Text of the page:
On April 4, 1968, Robert F. Kennedy arrived in Indiana to campaign in the state's Democratic presidential primary. As Kennedy prepared to fly from an appearance in Muncie to Indianapolis, he learned that civil rights leader Dr. Martin Luther King Jr., had been shot outside his hotel in Memphis, Tennessee. 

Before his plane landed in Indianapolis, Kennedy heard the news that King had died. Despite warnings from Indianapolis police that they could not guarantee his safety, and brushing off concerns from his own staff, Kennedy decided to proceed with plans to address an outdoor rally to be held in the heart of the city's African American community. On that cold and windy evening, Kennedy broke the news of King's death in an impassioned, extemporaneous speech on the need for compassion in the face of violence. It has proven to be one of the great speeches in American political history.

At 1 p.m. Saturday, April 4, at the Pendleton Community Public Library, 595 East Water Street, Pendleton, Indiana, I will give a talk explaining what brought the politician to Indiana that day, and explore the characters and events of the 1968 Indiana Democratic presidential primary in which Kennedy, who was an underdog, had a decisive victory. 

For more information, contact the library at (765) 777-7527. The talk will be free and open to the public and will be in the library's Community Room. In addition, copies of my book, Robert F. Kennedy and the 1968 Indiana Primary, will be available for sale.

Friday, March 20, 2015

John Bartlow Martin Biography Published

During the 1940s and 1950s one name, John Bartlow Martin, dominated the pages of the "big slicks," mass-circulation magazines such as the Saturday Evening Post. A former reporter for the Indianapolis Times who survived an often unsettling life in Indianapolis, Martin was one of but a few freelance writers in the country able to support himself from his work. His peers lauded him as "the best living reporter" and the "ablest crime reporter in America."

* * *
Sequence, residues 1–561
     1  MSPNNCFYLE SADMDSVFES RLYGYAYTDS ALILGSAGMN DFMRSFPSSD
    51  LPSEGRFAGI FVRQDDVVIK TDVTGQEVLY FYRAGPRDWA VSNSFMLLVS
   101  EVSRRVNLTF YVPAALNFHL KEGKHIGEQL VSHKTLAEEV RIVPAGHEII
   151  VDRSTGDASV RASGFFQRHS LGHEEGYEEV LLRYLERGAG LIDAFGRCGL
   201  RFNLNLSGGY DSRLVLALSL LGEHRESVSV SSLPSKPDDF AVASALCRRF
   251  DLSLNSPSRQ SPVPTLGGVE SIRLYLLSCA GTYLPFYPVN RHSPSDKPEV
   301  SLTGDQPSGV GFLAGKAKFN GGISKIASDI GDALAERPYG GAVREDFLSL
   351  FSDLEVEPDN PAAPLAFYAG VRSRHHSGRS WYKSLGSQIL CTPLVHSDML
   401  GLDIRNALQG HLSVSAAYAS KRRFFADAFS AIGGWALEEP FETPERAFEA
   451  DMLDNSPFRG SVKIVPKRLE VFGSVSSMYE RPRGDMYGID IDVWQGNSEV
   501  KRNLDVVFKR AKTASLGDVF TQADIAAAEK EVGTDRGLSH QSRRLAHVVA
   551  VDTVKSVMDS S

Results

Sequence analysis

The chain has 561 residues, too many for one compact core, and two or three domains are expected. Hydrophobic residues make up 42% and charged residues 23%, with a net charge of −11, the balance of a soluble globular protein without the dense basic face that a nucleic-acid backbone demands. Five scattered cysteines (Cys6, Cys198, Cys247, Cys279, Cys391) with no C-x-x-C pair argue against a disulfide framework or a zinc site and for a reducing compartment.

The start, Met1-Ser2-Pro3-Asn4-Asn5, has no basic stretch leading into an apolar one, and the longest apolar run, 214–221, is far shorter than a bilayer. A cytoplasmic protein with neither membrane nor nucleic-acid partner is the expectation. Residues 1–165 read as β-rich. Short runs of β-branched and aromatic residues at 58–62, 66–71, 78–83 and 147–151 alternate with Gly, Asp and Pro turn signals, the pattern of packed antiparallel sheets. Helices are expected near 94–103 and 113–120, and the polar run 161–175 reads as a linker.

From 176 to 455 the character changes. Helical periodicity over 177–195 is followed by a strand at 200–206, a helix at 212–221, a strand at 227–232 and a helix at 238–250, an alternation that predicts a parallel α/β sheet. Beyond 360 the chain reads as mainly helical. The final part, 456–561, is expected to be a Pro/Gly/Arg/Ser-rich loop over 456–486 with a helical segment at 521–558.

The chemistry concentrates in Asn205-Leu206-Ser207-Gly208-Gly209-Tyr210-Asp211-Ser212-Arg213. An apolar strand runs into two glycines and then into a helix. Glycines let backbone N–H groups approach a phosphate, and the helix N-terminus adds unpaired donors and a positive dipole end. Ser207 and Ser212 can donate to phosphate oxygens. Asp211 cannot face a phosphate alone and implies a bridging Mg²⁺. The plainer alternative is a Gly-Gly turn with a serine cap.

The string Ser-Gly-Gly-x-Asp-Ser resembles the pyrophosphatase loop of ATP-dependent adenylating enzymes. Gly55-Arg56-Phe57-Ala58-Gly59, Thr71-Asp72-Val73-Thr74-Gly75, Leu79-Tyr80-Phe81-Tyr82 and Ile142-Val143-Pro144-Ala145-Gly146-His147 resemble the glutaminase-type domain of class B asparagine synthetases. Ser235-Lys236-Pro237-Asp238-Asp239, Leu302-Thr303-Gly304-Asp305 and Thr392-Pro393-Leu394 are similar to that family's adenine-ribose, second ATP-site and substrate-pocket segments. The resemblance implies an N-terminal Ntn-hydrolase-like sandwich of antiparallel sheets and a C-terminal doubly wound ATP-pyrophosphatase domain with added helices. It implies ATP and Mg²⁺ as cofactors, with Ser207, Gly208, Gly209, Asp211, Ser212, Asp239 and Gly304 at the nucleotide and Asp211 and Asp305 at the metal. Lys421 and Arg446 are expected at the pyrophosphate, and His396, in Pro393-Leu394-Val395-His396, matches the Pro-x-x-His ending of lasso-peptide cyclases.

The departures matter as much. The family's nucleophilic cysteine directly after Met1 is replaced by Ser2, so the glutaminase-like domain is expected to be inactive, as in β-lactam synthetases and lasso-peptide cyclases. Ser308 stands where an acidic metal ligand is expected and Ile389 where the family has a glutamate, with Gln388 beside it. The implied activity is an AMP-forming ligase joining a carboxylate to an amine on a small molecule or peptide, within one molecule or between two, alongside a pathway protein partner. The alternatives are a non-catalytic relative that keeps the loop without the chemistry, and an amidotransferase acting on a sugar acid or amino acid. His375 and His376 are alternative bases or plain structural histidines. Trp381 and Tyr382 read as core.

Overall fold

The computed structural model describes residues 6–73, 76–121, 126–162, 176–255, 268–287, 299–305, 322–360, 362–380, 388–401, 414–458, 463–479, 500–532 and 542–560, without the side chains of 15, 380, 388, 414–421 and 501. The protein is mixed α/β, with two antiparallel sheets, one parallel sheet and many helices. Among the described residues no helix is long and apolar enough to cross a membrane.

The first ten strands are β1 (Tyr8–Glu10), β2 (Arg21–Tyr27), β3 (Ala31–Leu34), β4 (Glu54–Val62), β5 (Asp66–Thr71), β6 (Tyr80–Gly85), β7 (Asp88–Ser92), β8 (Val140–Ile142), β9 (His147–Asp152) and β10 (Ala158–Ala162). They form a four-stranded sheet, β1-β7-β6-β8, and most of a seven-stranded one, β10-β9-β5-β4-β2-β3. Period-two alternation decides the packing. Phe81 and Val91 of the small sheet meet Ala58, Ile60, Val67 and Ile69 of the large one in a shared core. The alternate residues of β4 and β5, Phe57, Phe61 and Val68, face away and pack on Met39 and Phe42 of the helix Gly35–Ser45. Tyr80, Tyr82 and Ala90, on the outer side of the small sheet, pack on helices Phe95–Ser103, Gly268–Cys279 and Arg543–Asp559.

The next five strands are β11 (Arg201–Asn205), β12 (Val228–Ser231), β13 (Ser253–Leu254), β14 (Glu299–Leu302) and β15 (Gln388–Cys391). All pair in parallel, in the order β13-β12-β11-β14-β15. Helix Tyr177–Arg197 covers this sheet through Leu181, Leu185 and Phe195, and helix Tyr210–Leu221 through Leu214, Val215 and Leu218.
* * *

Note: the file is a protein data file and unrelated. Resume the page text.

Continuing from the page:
Martin's life as a freelance writer, plus his time as a speechwriter with every Democratic presidential candidate from Adlai Stevenson in 1952 to George McGovern in 1972, in explored in my new biography John Bartlow Martin: A Voice for the Underdog, recently published by Indiana University Press.

What set Martin apart from his journalist contemporaries was his deep and abiding concern for the common man in twentieth-century America. "Most journalists," he noted, "make a living by interviewing the great. I made mine by interviewing the humble--what the Spaniards call los de abajo, those from below."

During his career Martin, posthumously inducted into the Indiana Journalism Hall of Fame in 1999, also produced a number of books based upon his magazine work, including a history of the Hoosier State (Indiana: An Interpretation, 1947) that historian Arthur M. Schlesinger Jr. called the "best book on Indiana." Martin made his mark on American history not just with his writing skills, but also his political acumen. He served as a key speechwriter and adviser for the presidential campaigns of the prominent Democrats of the 1950s, 1960s, and 1970s--Adlai Stevenson, John F. Kennedy, Lyndon B. Johnson, Robert F. Kennedy, Hubert H. Humphrey, and George McGovern.

As a result of his efforts on John Kennedy's behalf in the 1960 presidential contest, Martin received an appointment from the president as the U.S. ambassador to the Dominican Republic, a country Martin had visited as a young man. He worked tirelessly to support the Republic's first democratically elected government, but saw his hopes dashed by a military coup. Before his diplomatic service, Martin had earned a small measure of fame by helping write a speech for Newt Minow, the new Federal Communications Commission chairman, for a speech before the National Association of Broadcasters that introduced the phrase describing television--"a vast wasteland"--into the nation's consciousness.

The hardback, approximately 400-page book is available directly from IU Press or from Amazon and IndieBound.

Monday, March 16, 2015

Podcast for John Bartlow Martin Biography

On March 19 Indiana University Press will publish my book John Bartlow Martin: A Voice for the Underdog. You can learn more about the book and Martin's life and career by listening to a podcast I did with IU Press staff member Laura Baich.

In addition, Dan Carpenter, former columnist with the Indianapolis Star, did a story about the book for Sky Blue Window, an online magazine.